Pennsylvania Department of Community and Economic Development

Tom Wolf, Governor
Dennis M. Davin, Secretary

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Enterprise Zone Program

Currently Inactive

This program is currently inactive. The page is only up for archival purposes. Visit to search the list of all active programs.

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Download the guidelines for a complete understanding of the program and the requirements.

Download Guidelines


This program has been consolidated into the Keystone Communities Program. Please apply under the Keystone Communities Program.

Grants to financially disadvantaged communities for preparing and implementing business development strategies within municipal Enterprise Zones.

2011 Enterprise Zone Coordinators List - Click HERE


Business development surveys; Business development strategy/preparation; Revolving fund business


Planning Grants – Up to $50,000; Basic grant – Up to $50,000; Grants-to-loans: Up to $500,000


Municipalities, redevelopment authorities, non-profit economic development organizations, or other non-profit organizations on a case-by-case basis


Community must be financially disadvantaged

How to Apply

Customer Service Center, Single Application for Assistance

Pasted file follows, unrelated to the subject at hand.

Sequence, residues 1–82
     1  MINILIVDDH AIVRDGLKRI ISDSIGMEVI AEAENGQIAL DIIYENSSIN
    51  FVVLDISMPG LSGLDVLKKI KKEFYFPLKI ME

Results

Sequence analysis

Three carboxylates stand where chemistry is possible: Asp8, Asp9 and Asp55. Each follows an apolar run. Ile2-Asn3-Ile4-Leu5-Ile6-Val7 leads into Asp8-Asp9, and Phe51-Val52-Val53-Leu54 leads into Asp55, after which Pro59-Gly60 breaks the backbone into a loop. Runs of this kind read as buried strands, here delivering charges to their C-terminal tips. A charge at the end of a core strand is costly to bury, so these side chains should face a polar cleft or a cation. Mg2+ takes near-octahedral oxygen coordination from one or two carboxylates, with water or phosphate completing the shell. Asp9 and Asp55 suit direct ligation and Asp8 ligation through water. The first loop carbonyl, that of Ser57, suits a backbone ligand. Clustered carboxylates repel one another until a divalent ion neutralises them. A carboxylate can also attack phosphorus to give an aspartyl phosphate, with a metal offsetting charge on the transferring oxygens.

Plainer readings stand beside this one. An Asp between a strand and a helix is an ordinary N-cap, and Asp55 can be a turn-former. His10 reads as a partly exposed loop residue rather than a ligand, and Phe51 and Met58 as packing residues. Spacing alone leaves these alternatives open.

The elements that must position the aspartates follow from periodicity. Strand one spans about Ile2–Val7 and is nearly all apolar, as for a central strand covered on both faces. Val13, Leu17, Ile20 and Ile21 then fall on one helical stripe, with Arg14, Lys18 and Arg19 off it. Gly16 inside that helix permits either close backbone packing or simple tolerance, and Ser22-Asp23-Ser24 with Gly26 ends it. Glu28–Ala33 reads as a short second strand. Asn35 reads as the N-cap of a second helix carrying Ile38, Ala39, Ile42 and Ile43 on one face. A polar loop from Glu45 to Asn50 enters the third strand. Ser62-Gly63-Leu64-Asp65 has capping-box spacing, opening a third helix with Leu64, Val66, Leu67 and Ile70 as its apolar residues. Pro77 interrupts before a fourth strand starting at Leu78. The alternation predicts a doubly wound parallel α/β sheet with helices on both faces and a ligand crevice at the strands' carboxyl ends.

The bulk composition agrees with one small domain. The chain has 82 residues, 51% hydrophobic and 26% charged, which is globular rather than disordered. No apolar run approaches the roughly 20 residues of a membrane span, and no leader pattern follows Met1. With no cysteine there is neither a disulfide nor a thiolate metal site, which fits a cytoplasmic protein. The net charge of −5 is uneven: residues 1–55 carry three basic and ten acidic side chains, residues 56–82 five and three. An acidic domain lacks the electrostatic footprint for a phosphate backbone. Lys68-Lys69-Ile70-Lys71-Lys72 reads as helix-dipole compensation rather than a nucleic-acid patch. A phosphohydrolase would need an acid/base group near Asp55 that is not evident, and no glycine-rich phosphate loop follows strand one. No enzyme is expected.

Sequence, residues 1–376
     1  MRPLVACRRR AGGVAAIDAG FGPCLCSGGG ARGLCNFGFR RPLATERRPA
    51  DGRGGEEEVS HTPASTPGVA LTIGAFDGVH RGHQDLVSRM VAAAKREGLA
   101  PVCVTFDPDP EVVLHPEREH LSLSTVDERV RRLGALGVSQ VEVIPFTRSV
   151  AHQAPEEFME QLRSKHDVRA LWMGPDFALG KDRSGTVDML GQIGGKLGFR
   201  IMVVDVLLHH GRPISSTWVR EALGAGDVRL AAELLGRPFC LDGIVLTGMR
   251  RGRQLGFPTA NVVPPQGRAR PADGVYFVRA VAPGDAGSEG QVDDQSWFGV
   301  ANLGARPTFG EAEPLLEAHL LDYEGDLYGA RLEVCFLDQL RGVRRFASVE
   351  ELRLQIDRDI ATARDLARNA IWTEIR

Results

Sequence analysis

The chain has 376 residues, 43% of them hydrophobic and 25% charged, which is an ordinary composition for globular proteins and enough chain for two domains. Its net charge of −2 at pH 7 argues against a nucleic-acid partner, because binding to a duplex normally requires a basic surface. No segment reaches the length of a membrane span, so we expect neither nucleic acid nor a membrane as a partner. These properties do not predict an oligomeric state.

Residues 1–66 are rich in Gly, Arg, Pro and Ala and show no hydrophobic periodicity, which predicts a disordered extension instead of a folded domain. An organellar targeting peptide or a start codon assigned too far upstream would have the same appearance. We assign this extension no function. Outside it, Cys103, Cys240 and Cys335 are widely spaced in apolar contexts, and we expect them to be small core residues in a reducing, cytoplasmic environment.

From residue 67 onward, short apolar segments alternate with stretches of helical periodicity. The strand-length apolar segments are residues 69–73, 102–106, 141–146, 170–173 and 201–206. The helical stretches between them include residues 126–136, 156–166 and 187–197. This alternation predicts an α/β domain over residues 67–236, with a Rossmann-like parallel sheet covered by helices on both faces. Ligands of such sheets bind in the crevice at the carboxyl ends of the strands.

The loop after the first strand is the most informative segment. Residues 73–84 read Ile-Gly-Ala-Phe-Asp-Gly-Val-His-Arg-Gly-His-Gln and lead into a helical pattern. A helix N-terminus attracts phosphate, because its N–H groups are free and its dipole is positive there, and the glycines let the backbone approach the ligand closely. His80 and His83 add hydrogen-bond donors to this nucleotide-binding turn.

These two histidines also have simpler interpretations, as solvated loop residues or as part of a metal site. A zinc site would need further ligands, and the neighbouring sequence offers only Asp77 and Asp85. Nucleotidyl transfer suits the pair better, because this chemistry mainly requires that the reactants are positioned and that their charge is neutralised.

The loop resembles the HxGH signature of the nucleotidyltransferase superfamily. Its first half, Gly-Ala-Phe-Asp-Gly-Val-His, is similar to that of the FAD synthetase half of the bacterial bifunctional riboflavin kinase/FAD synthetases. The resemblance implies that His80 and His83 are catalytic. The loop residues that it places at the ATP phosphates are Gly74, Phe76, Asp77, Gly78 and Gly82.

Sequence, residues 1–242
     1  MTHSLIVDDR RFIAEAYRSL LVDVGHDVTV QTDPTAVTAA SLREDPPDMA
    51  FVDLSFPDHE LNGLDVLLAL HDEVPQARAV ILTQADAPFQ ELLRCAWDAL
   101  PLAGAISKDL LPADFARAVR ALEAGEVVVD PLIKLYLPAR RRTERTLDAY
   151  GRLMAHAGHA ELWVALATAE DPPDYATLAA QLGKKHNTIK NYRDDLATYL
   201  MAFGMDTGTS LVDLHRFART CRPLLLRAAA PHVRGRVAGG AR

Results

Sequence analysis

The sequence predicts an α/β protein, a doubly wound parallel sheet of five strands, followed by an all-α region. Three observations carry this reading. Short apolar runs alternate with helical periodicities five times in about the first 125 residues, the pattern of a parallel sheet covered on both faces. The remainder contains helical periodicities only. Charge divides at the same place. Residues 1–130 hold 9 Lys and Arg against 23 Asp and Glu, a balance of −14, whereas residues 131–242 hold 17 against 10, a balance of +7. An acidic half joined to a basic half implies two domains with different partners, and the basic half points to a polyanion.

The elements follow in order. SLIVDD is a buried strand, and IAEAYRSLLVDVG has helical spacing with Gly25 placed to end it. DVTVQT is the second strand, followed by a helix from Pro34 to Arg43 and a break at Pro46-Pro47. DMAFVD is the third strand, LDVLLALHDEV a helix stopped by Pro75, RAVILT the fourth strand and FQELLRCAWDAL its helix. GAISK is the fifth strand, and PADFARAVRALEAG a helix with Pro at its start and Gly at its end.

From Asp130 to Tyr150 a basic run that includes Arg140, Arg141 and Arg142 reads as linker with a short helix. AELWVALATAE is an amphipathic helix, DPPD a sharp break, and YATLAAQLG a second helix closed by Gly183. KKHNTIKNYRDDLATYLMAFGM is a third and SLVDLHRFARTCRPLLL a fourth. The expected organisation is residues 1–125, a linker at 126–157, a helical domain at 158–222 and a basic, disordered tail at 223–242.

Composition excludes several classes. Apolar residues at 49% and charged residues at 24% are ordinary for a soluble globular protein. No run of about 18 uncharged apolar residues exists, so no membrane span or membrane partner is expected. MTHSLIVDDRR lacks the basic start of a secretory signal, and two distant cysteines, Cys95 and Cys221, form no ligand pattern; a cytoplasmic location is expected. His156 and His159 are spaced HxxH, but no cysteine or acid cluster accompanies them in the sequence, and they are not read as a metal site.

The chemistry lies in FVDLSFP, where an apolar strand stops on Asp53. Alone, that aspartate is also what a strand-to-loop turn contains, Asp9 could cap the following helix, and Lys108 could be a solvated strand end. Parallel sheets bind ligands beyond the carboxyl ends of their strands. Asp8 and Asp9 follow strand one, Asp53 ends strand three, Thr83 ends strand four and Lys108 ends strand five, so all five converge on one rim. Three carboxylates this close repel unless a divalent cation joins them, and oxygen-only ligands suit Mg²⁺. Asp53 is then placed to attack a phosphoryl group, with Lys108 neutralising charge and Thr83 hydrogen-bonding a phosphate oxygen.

What is an Enterprize Zone?

An Enterprise Zone (EZ) is an area that has been designated by the Department of Community and Economic Development (DCED) as financially distressed and disadvantaged. Typically, a zone is comprised of several municipalities.

What is the purpose of an Enterprise Zone?

The purpose of an Enterprise Zone is to promote job growth and to help municipalities take advantage of business expansion opportunities when they arise. EZ's improve the capacity of local governments and business communities by encouraging them to form public/private partnerships. In turn, these partnerships boost business investment within the zone. Increased business investment, job creation and sustained community self-sufficiency are the primary goals of the Enterprise Zone program.

Who is eligible to apply for an Enterprise Zone designation?

Local governments, redevelopment authorities, nonprofit economic development organizations, and other nonprofit organizations and business district authorities are all eligible.

How can my community achieve EZ designation?

Enterprise Zone areas must demonstrate that they are financially disadvantaged as measured by a statewide DCED index. The designation is also based upon DCED approval of a five-year strategy document which must be submitted by the applicant for a proposed zone. This strategy must be based on a structured survey of firms in eligible sectors that are located within the boundaries of the proposed Enterprise Zone. The purpose of the survey is to learn from current business owners and managers what their best opportunities are for growth, what their most significant barriers are to growth, and what they consider to be the most effective ways in which local and state government can help them to grow.

How long does the EZ designation last?

Enterprise Zones are designated for a term of seven years. A zone may request an extension of the designation for an additional two years, based on economic conditions and potential investment opportunities.

What kinds of grants are available under the Enterprise Zone program?

Planning grants up to $50,000 (one time only).